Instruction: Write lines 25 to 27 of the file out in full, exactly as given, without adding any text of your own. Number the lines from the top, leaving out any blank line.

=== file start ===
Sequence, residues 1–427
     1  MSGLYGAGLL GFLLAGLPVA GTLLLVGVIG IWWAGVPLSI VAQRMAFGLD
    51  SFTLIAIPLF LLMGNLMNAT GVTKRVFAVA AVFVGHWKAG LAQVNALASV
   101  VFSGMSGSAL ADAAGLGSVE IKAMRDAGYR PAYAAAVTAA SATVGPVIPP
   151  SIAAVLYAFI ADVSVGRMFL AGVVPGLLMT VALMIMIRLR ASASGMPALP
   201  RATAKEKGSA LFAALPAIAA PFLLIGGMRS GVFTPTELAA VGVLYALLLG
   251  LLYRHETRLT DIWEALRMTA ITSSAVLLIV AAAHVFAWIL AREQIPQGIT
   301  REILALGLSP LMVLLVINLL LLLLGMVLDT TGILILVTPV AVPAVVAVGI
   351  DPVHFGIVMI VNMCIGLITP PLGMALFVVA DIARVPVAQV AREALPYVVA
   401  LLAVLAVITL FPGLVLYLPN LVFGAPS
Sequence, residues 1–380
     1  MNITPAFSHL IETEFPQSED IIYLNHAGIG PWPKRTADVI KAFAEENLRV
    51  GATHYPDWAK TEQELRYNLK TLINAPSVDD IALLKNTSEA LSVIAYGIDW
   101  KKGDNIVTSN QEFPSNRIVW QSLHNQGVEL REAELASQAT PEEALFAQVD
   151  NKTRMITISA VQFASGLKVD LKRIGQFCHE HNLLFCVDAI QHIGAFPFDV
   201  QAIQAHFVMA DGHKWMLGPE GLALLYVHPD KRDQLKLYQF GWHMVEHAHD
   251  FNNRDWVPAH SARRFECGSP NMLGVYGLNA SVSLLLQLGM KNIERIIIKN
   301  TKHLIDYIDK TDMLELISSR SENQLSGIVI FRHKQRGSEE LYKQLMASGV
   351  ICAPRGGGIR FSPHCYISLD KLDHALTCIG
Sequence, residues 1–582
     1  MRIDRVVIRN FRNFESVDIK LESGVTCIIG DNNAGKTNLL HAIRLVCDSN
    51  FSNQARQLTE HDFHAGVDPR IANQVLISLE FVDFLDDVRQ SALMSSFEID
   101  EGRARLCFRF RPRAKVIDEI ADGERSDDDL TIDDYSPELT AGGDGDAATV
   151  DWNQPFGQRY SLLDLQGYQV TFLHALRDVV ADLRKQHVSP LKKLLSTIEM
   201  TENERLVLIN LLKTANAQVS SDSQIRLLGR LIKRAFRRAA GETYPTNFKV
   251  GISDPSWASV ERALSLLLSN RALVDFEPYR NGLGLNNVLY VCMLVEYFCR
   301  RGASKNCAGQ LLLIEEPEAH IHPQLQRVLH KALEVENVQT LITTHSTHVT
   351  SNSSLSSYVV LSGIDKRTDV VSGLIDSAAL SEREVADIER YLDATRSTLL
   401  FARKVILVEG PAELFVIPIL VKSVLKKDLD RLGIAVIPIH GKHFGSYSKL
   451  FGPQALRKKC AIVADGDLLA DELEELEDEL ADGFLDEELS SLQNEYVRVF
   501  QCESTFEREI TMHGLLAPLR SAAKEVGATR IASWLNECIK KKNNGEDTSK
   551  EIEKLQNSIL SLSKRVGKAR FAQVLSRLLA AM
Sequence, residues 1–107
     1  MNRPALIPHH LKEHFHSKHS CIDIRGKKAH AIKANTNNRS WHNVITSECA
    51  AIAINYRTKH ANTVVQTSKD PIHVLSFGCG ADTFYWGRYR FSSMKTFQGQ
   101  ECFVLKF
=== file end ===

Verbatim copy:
   201  TENERLVLIN LLKTANAQVS SDSQIRLLGR LIKRAFRRAA GETYPTNFKV
   251  GISDPSWASV ERALSLLLSN RALVDFEPYR NGLGLNNVLY VCMLVEYFCR
   301  RGASKNCAGQ LLLIEEPEAH IHPQLQRVLH KALEVENVQT LITTHSTHVT